Why does this giant metal flower in Austin open and close at different times of day?
This story was originally published on November 30, 2017.
At the corner of Airport Boulevard and Schieffer Avenue, there’s something that sticks out. Next to the community garden and skate park in Patterson Park, there’s a giant metal flower, surrounded by a colorful concrete mosaic. On a pole nearby, there’s a plaque shaped like a leaf that explains — kind of.
"DANCE OF THE COSMOS BY JENNIFER CHENOWETH, ROBERT WHITEHURST, JOHN DOLECEK OF FISTERRA STUDIO 2015"
The piece was moved to Patterson Park earlier this year from its temporary home at the Elisabet Ney Museum in Hyde Park. That’s where it caught the eye of Candace Bunkley.
“Where the statue was, I would see it on my way to work, on my way to the grocery store, when I was going out to a restaurant, when I was meeting friends,” she says. But sometimes the petals on the metal flower were open; sometimes they were closed. She became obsessed with finding out why.
“It was a mystery to me,” she says. “I would think about it every day on my drive. I wanted to know: Why is it opening and why is it closing? And then, who is opening and closing it?”
So Bunkley asked about it for our ATXplained project.
'Whole Flower Of Experience'
Finding the artist behind the flower was easy enough. Jennifer Chenoweth is the first one listed on the plaque next to the piece.
The contemporary artist created it as part of her XYZ Atlas project, which mapped Austin’s “collective experiences.”
The idea is to represent a kind of emotional wholeness, she says. It came about out of frustration, really. Chenoweth said she had a hard time dealing with much of the negativity in the world. Disasters. Tragedy. Violence.
But through this work – and other pieces in her XYZ Atlas project – she tried to express something that reflected the spectrum of emotions. The good and the bad. The dark and the light.
“This was a way for me to kind of like, get that in my gut," Chenoweth says, "and to understand that there really is beauty in all of it, even if there is horror in some of it.”
“So it’s a way to embrace an idea that your life is actually a whole flower of experience,” she says.
The colorful tiles in Dance of the Cosmos – and this idea of a “whole flower” of emotional experience – comes back to another preoccupation of Chenoweth’s.
“I’m really interested in a psychological theory of emotional wholeness created by Robert Plutchik in 1980," she says. "And he drew a diagram using words about how your emotions are connected and relational.”
Plutchik's Theory Of Emotion
Plutchik first came up with his theory of emotion back in the late 1950s. He proposed that there are eight basic emotions — four opposing pairs. Joy and sorrow. Anger and fear. Acceptance and disgust. Surprise and expectancy.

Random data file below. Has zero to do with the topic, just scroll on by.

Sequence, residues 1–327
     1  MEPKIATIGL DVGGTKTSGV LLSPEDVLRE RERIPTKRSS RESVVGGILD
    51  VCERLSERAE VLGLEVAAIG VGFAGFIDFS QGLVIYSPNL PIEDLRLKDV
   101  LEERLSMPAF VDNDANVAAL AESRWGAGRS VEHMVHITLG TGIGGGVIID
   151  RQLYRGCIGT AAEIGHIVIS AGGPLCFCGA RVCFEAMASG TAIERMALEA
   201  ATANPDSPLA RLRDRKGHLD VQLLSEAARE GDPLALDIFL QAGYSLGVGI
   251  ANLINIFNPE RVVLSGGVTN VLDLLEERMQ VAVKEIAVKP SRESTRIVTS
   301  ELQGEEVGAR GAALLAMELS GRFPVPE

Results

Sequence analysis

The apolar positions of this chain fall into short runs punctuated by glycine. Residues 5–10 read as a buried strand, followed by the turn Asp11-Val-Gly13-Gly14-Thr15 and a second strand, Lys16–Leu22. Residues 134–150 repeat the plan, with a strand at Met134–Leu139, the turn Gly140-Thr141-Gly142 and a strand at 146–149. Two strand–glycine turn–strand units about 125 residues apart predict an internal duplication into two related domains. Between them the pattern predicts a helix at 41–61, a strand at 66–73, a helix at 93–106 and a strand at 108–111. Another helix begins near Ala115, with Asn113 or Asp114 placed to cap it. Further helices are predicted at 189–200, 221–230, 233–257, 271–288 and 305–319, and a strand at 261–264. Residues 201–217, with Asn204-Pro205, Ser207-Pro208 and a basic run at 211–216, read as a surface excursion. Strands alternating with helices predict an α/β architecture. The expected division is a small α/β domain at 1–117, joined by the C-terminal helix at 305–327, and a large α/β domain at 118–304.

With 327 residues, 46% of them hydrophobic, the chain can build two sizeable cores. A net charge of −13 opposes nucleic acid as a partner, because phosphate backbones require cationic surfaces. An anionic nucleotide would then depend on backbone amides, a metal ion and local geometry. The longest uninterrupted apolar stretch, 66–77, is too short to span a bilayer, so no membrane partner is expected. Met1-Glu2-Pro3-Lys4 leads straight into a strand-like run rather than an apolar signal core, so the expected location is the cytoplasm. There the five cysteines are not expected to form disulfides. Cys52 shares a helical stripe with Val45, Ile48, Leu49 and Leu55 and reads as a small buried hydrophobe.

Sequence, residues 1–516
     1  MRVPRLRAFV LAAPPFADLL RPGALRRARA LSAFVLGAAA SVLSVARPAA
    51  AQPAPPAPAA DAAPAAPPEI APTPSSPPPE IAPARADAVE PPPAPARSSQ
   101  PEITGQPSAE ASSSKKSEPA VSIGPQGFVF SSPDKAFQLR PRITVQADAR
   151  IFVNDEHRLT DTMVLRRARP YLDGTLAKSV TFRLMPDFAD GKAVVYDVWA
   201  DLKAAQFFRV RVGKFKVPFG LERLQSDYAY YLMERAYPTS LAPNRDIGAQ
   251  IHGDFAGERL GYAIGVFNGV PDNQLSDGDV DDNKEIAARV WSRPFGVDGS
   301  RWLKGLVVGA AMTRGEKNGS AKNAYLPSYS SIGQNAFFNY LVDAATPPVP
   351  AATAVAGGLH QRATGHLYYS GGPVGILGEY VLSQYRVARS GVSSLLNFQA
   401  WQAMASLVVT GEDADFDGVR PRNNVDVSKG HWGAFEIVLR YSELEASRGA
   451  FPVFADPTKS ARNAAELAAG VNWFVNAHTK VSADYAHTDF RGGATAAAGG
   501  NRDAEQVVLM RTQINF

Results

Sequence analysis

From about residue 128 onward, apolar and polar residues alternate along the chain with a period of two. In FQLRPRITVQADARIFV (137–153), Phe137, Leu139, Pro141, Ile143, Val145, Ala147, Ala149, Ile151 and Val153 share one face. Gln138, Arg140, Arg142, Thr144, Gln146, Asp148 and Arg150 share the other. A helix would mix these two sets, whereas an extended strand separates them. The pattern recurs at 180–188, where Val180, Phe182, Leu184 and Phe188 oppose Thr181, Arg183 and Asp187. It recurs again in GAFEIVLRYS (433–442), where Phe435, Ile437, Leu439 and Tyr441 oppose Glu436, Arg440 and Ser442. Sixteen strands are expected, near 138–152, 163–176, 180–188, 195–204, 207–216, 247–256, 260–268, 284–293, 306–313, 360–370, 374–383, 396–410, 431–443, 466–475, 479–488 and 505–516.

In 1980, he wrote:
“If there are eight basic emotion dimensions (each with a number of synonyms or related terms), how can we account for the total language of emotions? Various published studies imply that the few hundred emotion words tend to fall into families based on similarity. If we follow the pattern used in color theory and research, we can obtain judgments about combinations – the emotions that result when two or more fundamental emotions are combined, in the same way red and blue make purple. Judges in these studies have agreed that mixing joy and acceptance produces the mixed emotion of love; disgust plus anger produces hatred or hostility. Such mixtures have been called the primary dyads in the theory. One can continue on in this way and account for hundreds of emotion terms by mixing two or more emotions at different levels of intensity.”
He came up with a visual to illustrate it.
“What he did was to create a cone, where the elements on the cone are the different emotions, and the higher up you go, the more intense the emotions are,” says Art Markman, a psychologist at UT-Austin. “And so, those [emotions] sit on opposite sides of the cone and when you flatten that cone out ... it becomes a flower.”
Chenoweth reimagined Plutchik’s design and changed the colors slightly for Dance of the Cosmos.
But back to our original question from Candace Bunkley:
Why is the flower opening and closing? And who is opening and closing it?
It goes back to Chenoweth's idea of that “whole flower of experience.”
“Even in a whole flower of experience, sometimes we’re open and sometimes we’re closed,” she says. It’s all part of the Dance of the Cosmos.
“The cosmos is you, the cosmos is everything we’re in. It’s a microcosm, it’s a macrocosm," she says. "So, I feel like dance is that dance of life — birth and death, opening and closing, growth and renewal, creation and destruction.”
That's the why. But who is doing it?
Turns out, the flower opens and closes itself. That pole with the leaf-shaped plaque on it has a solar panel that sits atop it. During the day, it collects the sun’s energy. At night, it powers a device inside the base of the flower, which closes the petals. In the morning, it opens back up.
Back when Bunkley saw it in Hyde Park, there were some issues with the mechanism that opens and closes it, so it would be open or closed for days, which explains why it seemed so random at the time. That’s not a problem in its new home in Patterson Park.
I brought Chenoweth to meet Bunkley at the Dance of the Cosmos. She explained the thinking behind the flower's opening and closing – that idea of emotional wholeness.
“When it opens it’s really uplifting and joyous. And then when it closes, it’s just like 'Awwww.' It really is closure,” Chenoweth says.
“I totally get what you mean,” Bunkley says. “Because some days, I would just be my best self and be driving down the road and be like, ‘The flower is open! Yes! This reflects my day.’”